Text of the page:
News

February 10, 2010

M+W Moving HQ From Dallas To Watervliet

By: by Pam Allen, The Business Review

Source:

M+W Americas Inc. will relocate its corporate headquarters to Watervliet from Dallas, a move that will double its existing local work force to at least 250 people in the next year to 18 months.

M+W is building the $4.2 billion chip fab in Malta, Saratoga County, for GlobalFoundries. M+W Americas is a subsidiary of M+W Group based in Germany. M+W is one of the world's largest builders of chip plants.

Rick Whitney, president and CEO of M+W Americas Inc., said the company has been working toward the headquarters change for several years, mainly because of the new activity occurring in the Tech Valley area.

"Our corporate approach is to always be close to our clients. As this region continued to develop, and companies continued to move toward this area, it became clear that this is where a lot of the research and development is taking place," Whitney said.

M+W has done work for companies that make up Sematech, a consortium of technology companies at the Albany NanoTech that includes such companies as IBM and Intel. M+W built IBM's factory in East Fishkill as well as the $5 billion Albany NanoTech campus. Albany NanoTech is home to the University at Albany's College of Nanoscale Science and Engineering.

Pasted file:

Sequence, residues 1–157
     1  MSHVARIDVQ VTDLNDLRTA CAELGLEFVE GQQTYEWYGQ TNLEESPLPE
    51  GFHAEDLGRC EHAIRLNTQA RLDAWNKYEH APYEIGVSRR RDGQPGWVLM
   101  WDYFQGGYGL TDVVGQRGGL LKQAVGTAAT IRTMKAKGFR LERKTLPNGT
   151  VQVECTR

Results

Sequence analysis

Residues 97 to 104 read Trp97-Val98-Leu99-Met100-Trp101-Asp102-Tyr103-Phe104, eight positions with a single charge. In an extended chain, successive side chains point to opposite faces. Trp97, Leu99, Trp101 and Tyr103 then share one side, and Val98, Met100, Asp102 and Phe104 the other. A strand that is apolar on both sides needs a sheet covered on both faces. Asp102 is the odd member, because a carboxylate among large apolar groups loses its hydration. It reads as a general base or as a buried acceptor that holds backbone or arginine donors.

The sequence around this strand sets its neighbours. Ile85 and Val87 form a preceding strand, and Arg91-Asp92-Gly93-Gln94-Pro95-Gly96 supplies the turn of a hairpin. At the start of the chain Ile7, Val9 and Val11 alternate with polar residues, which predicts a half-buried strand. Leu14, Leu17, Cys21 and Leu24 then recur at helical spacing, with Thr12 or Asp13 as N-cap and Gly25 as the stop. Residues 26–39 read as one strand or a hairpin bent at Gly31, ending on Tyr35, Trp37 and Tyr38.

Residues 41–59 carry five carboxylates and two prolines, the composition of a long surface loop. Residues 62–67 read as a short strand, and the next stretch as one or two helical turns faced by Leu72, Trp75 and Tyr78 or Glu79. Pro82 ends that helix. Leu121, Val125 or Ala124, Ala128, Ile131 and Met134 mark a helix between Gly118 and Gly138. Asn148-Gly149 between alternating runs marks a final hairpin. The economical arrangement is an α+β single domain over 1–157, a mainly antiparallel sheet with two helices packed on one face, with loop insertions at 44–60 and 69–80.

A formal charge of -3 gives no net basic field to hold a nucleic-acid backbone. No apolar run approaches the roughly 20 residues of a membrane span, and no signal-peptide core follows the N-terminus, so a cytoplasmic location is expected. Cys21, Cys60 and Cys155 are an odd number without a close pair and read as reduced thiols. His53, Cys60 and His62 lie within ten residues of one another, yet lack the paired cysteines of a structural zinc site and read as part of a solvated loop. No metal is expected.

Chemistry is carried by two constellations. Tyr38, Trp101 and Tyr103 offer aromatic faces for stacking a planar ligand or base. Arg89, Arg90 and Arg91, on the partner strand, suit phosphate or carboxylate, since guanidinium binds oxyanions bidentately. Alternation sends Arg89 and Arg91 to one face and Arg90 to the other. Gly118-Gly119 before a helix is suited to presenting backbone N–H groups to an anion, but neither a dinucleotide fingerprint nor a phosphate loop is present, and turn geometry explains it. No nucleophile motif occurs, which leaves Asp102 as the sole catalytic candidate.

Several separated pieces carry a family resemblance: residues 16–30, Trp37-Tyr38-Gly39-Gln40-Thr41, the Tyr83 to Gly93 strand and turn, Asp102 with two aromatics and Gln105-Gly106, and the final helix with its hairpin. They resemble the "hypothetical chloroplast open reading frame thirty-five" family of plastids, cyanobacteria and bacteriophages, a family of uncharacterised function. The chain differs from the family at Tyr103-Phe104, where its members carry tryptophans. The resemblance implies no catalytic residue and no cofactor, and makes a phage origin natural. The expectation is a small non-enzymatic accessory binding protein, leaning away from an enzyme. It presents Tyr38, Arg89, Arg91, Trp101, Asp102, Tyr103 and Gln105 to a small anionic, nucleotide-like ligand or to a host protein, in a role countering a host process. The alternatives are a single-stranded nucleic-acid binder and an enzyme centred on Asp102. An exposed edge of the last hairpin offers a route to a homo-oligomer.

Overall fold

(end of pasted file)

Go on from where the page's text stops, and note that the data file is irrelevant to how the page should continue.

Whitney said M+W will invest more than $200 million over the next five years for infrastructure, expansion and new salaries at its locations at the Watervliet Arsenal as well as Albany NanoTech.

The state will contribute $6.5 million to renovate space at the arsenal, according to Assembly Speaker Sheldon Silver and Assembly Majority Leader Ronald Canestrari, who helped broker the deal.

The move will be formally announced this morning at UAlbany's NanoCollege.

Currently, 120 M+W Americas employees work in the Capital Region, including at the GlobalFoundries site. Whitney said the company's Dallas employees were notified of the change on Monday, and told they could move to the Capital Region. Whitney said it's too early to know how many workers will relocate.